- Disarming people will beget hatred toward the prince. A prince should arm his citizens because those arms become yours. Those men who receive arms will become faithful to the prince, and those men who were faithful will remain so.
- Factions can never be of use. They render a state susceptible to internal revolt and external threats.
- A prince becomes great by overcoming obstacles and difficulties. Therefore, a prince ought to foster enmity against himself, so that he can crush it, and elevate his renown.
- Princes often find greater fidelity and assistance from men who were distrusted in the commencement of the state than from men who were always faithful. Distrusted men know that it is necessary for them to atone for their past insults or injuries directed at the new prince, and therefore are more likely to be complaisant. Furthermore, a prince should consider the source of fidelity and love in those who sided with the prince during his rise to power. If they assisted the prince because they were discontent with the affairs of the old state, then the prince will have difficulty keeping them satisfied.
- Those who were content with the previous government are likely inclined to favor whoever holds power, and therefore it is easier for the prince to secure the friendship of these men than those of his own party who were dissatisfied with the old regime.
- To become esteemed, a prince must accomplish great enterprises and set a fine example.
- A prince ought to endeavor in every action that bestows upon him the reputation of being a great and remarkable man.
- A prince is respected when he is a true friend or a downright enemy. In other words, he must clearly declare his position on particular topic, and not be ambiguous. It is always more advantageous to take the side of one party or another because the conquering party will prey upon the ambiguous prince after the battle with the other party, and that prince will not have recourse to the prince who was conquered because he did not willingly take to arms during the initial quarrel.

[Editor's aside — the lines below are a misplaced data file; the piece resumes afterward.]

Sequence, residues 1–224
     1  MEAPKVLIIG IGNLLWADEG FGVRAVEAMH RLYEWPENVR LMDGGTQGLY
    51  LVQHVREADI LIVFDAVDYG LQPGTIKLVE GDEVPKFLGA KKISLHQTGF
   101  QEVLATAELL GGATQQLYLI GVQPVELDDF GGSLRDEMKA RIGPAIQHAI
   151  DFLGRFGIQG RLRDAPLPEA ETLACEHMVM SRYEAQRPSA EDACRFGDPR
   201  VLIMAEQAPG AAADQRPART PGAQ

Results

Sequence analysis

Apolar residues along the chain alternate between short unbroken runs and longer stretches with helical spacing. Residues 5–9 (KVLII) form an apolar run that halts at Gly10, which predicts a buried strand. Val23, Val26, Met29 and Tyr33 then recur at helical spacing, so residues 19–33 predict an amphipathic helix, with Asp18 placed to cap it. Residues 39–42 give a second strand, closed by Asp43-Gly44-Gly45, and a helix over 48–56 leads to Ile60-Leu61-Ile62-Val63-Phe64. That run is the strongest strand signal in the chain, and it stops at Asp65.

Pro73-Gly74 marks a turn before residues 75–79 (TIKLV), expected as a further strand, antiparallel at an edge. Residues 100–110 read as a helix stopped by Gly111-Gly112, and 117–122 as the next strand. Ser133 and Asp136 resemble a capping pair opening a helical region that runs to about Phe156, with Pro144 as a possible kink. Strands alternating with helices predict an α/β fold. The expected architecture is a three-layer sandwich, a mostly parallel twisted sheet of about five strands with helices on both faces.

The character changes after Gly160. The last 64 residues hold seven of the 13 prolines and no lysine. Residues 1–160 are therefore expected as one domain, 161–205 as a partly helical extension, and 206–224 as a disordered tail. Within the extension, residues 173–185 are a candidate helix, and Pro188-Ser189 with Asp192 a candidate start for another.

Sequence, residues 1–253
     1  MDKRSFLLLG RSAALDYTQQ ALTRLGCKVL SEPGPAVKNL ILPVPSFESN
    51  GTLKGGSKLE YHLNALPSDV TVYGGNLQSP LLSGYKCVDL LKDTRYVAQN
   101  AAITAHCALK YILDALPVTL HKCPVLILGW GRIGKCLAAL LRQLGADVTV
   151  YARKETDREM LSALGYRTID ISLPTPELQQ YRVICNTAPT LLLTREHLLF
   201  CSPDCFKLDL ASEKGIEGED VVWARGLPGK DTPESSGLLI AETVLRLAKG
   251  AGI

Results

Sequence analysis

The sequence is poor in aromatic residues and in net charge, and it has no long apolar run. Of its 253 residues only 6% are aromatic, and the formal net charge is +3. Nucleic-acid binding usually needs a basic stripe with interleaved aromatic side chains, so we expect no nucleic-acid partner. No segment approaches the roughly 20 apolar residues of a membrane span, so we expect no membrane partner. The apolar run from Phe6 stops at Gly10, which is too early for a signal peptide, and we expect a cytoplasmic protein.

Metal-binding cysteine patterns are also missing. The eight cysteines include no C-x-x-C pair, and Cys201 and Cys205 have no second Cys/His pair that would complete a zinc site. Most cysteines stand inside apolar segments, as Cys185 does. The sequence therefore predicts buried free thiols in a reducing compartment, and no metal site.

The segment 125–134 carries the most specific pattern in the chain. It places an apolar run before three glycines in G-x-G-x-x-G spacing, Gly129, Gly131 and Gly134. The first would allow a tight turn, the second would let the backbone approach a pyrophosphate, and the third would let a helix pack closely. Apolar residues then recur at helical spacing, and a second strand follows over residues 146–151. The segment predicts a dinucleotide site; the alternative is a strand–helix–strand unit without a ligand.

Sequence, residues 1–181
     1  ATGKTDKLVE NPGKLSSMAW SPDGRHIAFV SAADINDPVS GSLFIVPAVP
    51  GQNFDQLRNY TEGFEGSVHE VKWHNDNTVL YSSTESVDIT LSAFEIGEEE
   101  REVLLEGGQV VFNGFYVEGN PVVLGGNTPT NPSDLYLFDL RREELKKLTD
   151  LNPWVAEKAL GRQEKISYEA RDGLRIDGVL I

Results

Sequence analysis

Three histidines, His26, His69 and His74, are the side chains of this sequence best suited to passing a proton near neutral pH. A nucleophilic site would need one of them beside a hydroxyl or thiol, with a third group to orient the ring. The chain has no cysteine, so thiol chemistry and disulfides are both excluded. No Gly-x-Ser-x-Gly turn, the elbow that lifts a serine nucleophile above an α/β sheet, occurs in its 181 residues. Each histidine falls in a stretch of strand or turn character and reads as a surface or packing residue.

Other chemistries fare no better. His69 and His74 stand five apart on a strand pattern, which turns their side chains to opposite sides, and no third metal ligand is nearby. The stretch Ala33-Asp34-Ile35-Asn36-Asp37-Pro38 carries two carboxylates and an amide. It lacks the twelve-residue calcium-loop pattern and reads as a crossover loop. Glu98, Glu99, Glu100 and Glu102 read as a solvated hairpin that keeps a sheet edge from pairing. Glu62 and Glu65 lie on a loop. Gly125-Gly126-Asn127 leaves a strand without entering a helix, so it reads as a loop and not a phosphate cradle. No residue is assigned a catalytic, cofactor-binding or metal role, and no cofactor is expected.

- If a prince sides with the conquering party, then the conquering party will not be shameless enough to become a monument of ingratitude by conquering the prince. If the prince sides with the losing party, then the losing party can shelter and aid the prince, and become companions on a fortune that may rise again.
- Princes ought to avoid being at the discretion of anyone.
- No Government can choose a perfectly safe course. When someone attempts to avoid one trouble, he inevitably encounters another. A prince must be able to distinguish between the varying levels of hardships and dangers, so that he can choose the lesser evil.
- A prince ought to be a patron of ability, and honor the proficient in every art.
- A prince ought to entertain the people with festivals and spectacles during appropriate seasons.
- The first opinion that one forms of a prince is made by observing the men around him.
- There are three classes of intellect: one that comprehends by itself, one that appreciates what others comprehend, and one that neither comprehends by itself nor appreciates what others comprehend.
- A prince cannot trust a servant who is primarily concerned about his own interests rather than the prince’s.
- A prince should enrich his servants, but allow them to share the cares and difficulties of being a prince, so that the servant does not wish to aggrandize his status in the state any further.
- A prince must take heed of flatterers. He ought to select a few wise men of the state to advise him on certain matters of state, and he ought only to listen to the opinions of these men. He must command them to be honest, and if he discovers that they lied to him in an attempt to gain favor with him, then the prince must exercise his wrath on the flatterer.
- After listening to these few men, the prince must form his own opinion on the matter.
- A prince ought not to permit everyone to speak the truth to him because then respect for him would abate. But he ought to encourage those few men, which he selected as advisors, to speak the truth to him regardless of whether the truth denigrates the prince.